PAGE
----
> WC1M wrote:
> So, I went back and forth, lengthening the antenna until the >transceiver
> reported minimum SWR at 7.150. At this point, however, the >MFJ reported
> minimum SWR was ocurring at 7.300! I ignored the MFJ's >results and have been
> operating happily on 40M ever since (the antenna >is very broad; the SWR
> hardly budges across the entire band.)snip
After reading this, and a couple of responses, I guess I'd like to put
my two cents in. Basically, this situation exists: At the antenna, the
SWR on several analysers is within that expected when the antenna is
tuned to the desired frequency. Also, the radial screen seems excellent.
However, some feedline length away, we find a completely different set
of SWR values.
So, first of all, there is entirely too much worshiping of the SWR god
here. The losses with an SWR of 2:1 on 40 are simply insignificant.
Secondly, what is the only thing which has changed? The inclusion of the
feed line. Since the SWR was not unity to begin with, the feedline will
display varying reactance in voltage and current at every phase shift.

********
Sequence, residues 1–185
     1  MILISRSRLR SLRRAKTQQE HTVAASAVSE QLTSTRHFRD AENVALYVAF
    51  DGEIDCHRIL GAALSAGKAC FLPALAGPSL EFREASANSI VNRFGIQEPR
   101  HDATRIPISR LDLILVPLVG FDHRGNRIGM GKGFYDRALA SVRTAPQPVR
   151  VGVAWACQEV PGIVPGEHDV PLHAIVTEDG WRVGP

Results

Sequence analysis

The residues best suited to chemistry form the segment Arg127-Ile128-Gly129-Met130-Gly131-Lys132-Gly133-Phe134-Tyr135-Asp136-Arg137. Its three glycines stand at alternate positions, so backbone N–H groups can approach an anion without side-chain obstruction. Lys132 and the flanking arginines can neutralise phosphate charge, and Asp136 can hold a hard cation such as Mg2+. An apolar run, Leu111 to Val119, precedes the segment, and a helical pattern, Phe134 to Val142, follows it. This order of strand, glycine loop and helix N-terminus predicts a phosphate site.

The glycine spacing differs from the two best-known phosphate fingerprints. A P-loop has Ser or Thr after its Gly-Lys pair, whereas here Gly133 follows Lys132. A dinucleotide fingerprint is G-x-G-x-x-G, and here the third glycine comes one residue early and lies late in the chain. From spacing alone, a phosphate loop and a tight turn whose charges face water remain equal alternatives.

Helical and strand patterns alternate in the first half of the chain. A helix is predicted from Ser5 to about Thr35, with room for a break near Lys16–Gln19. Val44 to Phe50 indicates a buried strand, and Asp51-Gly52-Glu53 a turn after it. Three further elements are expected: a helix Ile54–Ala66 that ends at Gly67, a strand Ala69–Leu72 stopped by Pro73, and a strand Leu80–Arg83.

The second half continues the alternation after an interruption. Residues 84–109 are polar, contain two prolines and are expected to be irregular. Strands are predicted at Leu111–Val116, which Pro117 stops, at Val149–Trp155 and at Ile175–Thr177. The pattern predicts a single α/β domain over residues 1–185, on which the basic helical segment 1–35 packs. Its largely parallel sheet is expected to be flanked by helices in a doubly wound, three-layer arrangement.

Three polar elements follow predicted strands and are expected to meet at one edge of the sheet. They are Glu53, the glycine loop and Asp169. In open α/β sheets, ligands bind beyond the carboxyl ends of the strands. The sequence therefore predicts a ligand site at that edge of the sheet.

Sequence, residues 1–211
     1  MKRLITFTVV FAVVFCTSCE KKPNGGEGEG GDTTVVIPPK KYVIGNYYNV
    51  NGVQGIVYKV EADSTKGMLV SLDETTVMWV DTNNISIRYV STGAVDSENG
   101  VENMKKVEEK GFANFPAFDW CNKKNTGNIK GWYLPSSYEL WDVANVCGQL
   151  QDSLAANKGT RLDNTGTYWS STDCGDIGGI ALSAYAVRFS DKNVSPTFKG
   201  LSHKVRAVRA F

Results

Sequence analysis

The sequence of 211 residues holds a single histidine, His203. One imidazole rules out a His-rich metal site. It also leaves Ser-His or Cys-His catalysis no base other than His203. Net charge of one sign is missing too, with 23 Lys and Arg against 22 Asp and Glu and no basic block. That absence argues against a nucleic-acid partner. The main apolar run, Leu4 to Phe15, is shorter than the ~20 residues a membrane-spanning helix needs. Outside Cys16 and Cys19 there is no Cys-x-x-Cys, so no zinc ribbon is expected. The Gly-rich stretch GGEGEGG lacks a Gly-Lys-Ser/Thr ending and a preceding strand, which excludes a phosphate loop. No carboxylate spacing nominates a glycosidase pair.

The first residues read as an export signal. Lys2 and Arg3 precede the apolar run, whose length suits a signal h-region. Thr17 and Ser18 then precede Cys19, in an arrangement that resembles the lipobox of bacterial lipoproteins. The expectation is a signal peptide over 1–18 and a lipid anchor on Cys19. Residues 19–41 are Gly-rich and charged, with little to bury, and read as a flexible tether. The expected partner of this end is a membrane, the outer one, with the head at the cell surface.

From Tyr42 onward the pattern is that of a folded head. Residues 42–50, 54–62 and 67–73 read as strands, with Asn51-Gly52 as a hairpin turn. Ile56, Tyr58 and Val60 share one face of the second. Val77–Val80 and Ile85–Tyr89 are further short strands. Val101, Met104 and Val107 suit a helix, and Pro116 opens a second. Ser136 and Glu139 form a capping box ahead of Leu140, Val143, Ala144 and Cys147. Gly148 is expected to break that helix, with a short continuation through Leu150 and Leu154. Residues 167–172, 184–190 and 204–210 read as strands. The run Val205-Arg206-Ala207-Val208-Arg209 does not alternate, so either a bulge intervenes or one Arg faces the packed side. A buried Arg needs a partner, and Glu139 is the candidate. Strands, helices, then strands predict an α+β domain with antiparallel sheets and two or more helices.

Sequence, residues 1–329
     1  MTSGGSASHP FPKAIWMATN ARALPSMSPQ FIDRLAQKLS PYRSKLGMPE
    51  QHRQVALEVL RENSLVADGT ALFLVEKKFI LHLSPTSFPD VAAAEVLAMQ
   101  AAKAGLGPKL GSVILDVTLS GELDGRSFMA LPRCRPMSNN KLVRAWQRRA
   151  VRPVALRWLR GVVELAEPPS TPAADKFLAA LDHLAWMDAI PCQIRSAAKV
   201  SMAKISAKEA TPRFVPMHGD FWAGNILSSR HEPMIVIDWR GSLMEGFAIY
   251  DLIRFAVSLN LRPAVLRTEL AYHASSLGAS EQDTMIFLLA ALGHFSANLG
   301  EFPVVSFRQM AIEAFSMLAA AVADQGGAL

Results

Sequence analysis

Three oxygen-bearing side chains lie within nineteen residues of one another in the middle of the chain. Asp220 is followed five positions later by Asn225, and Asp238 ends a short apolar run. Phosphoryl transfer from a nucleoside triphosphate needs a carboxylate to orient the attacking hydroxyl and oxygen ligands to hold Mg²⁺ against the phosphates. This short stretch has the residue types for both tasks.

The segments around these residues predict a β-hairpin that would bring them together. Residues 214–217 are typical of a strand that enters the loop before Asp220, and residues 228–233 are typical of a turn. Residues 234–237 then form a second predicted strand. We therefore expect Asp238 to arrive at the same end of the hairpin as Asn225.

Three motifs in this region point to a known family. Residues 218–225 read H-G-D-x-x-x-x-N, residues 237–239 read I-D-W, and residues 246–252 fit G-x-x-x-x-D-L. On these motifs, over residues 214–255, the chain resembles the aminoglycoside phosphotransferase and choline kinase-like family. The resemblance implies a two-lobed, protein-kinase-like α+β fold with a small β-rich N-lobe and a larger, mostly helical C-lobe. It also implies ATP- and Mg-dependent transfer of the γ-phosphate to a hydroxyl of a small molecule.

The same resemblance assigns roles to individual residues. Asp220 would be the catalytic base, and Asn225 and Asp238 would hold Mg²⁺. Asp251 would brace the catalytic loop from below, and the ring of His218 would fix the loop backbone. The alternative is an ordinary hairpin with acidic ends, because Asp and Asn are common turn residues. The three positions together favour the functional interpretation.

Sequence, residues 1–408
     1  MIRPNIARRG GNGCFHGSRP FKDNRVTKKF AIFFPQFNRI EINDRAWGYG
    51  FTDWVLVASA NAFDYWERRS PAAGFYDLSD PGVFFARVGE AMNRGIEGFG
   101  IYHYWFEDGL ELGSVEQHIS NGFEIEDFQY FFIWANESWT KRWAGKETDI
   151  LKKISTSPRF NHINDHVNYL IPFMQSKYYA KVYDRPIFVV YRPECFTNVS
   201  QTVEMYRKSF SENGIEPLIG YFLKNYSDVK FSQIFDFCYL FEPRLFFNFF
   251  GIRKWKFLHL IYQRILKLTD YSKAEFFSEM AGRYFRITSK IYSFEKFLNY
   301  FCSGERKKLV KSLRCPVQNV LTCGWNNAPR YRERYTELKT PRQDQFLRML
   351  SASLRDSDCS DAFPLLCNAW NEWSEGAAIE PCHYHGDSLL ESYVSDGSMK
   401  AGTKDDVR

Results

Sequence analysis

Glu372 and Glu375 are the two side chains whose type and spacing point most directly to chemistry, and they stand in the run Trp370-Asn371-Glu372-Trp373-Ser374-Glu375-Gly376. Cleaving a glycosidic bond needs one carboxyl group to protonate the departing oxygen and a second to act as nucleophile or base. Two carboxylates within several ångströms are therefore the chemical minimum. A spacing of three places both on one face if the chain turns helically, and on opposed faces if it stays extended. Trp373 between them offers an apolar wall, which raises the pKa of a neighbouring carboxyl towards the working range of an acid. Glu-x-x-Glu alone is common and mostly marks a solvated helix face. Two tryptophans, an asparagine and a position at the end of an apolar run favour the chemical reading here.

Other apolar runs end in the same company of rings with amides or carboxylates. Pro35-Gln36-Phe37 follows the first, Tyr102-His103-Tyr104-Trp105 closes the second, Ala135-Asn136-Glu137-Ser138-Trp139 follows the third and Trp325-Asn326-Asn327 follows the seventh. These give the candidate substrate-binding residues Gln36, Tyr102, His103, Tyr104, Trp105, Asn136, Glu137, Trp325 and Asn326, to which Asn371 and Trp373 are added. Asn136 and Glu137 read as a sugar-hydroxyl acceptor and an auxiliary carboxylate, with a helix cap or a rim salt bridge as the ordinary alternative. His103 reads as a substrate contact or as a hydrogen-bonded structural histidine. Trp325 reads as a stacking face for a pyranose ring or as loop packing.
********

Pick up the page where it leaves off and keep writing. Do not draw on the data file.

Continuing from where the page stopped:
It is not only possible, but probable that at some point, the feedline
very well may be in such a phase difference that an observed SWR of 1:1
would be present. Is this correct? No. The SWR of the antenna is still
what it was. What the transceiver is seeing is a combination of the
feedline and antenna, and until the antenna is adjusted by a matching
network to 1:1, it will continue to factor in the feedline. This is a
relatively simply device to build. Is it worth it? No
I would suggest a ground rod at the base of the antenna, connect to the
ground system, and really think the balun is a waste, but otherwise,
as noted earlier, if it works, use it as it is.
I don't know if the transceiver has a built in ATU, but if it does, it
should be capable od dealing with the mismatch.
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